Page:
Cops Dodge Warrant Requirement By Grabbing Two Weeks Of Data, But Entering Only 6 Hours Of It As Evidence
from the too-clever-by-much-more-than-half dept
Today’s novel legal argument: take a ruling on cell site location info warrant requirements and make it fit the warrantless data haul obtained earlier by submitting only the “quantity” the court has previously OKed.
To get a sense of where we’re going with this, here’s a bit from the opening paragraphs of the opinion:
The defendants, Jason Estabrook and Adam Bradley, stand indicted for murder and related crimes arising out of a shooting that took place on July 7, 2012, in Billerica. They moved to suppress evidence of historical CSLI pertaining to Bradley’s cellular telephone that the police initially obtained in July, 2012, without a search warrant but in compliance with 18 U.S.C. § 2703 (2006), and then, in November, 2013, reobtained pursuant to a warrant.
The CSLI was sought twice. This is the first sign that something’s not quite right. Historical cell site location information doesn’t change. That’s the thing about history. And yet, the police obtained it twice: once with a subpoena (which was wrong) and once with a warrant (the lawful way to do it).
You see, the Massachusetts courts had already created a bright-line (of sorts) for the acquisition of cell site location data. Under the state’s interpretation of its Declaration of Rights, cell site location info carries with it a reasonable expectation of privacy. This status demands the use of a warrant. An earlier decision determined that small amounts (up to six hours) of CSLI can be obtained without a warrant, as the limited time period makes acquisition much less analogous to long-term tracking.
The police knew they could only get six hours of CSLI without a warrant, but they had already grabbed two week’s worth using only a subpoena. But the officers had an angle…
In this case, however, because the Commonwealth requested two weeks of historical CSLI, a search warrant was required, even though the Commonwealth proposes to use only six hours of the CSLI as evidence at trial.
That’s a very opportunistic reading of the court’s intentions. If the police were so inclined, they could subpoena a year’s worth of CSLI and trim it down to only the most incriminating six hours of data before presenting it in court. Or they could just go fishing with subpoenas, look over the collected data and see if they could match any six hours of it to an investigation or prosecution.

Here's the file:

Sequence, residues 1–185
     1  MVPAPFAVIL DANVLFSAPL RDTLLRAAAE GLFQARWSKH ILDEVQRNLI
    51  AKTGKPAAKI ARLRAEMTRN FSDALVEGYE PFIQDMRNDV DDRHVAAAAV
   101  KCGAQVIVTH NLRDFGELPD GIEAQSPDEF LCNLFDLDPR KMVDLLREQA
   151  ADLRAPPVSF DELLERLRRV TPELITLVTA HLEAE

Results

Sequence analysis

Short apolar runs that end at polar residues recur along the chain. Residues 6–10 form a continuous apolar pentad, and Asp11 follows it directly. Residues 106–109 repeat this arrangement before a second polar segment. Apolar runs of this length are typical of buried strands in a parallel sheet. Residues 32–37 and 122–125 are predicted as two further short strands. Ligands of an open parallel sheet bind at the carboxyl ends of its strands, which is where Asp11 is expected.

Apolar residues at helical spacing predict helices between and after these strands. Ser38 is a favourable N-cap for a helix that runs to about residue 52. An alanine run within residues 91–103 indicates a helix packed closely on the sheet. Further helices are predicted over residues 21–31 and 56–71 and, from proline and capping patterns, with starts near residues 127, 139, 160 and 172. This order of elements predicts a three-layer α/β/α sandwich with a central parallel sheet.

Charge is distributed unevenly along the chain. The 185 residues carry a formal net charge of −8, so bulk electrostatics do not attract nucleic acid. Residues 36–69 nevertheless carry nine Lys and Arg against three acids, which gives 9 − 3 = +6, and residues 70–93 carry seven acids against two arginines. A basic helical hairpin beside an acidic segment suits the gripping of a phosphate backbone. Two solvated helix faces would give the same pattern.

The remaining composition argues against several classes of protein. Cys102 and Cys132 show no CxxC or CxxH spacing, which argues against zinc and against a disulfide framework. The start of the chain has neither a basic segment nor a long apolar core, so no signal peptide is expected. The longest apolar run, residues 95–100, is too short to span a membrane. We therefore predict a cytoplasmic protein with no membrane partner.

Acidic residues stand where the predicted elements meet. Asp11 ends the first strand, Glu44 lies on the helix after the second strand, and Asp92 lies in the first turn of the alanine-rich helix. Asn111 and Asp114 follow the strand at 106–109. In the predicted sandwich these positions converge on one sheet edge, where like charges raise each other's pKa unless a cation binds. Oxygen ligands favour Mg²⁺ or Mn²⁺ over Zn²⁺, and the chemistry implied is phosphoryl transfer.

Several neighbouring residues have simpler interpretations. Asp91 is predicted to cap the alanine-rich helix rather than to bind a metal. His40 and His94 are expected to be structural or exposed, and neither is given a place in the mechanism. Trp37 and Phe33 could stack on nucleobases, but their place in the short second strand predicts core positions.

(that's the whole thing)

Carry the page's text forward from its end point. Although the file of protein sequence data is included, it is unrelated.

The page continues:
The court points out the flaw in this logic, which, let’s face it, the cops knew all along.
It is important to emphasize that, in terms of reasonable expectation of privacy, the salient consideration is the length of time for which a person’s CSLI is requested, not the time covered by the person’s CSLI that the Commonwealth ultimately seeks to use as evidence at trial.
The warrant requirement is for the “asking,” not the “telling,” to put it elementary school terms.
Fortunately for the police, the twice-obtained CSLI didn’t harm their case too much. The defense argued that other evidence — including statements made to the police — should be suppressed because it originated from tainted CSLI. The court, however, concludes that a great deal of evidence was obtained independently and that only a few moments from various interviews could be traced back to inferences drawn from the cell site location info.
The court also came to the conclusion that the warrant the police sought well after it already had the subpoenaed CSLI in hand was likely legitimate, rather than just a shoddy attempt to cover up its earlier misdeed. Over the course of several paragraphs, the court lists all of the information gathered by officers prior to their issuing of the subpoena and finds it adds up to probable cause that isn’t overly-reliant on the already-acquired CSLI info. The court doesn’t offer any speculation as to what actually happened here, but rather points out that the CSLI was still lawfully-obtained, and anything stemming from the latter acquisition cannot be suppressed.
While this obtain-twice, admit-once method of cell site evidence acquisition didn’t pay off for the criminal defendants, it at least provides another citable example of how far law enforcement agencies are willing to go to bypass the mild logistical hiccup that is obtaining a warrant.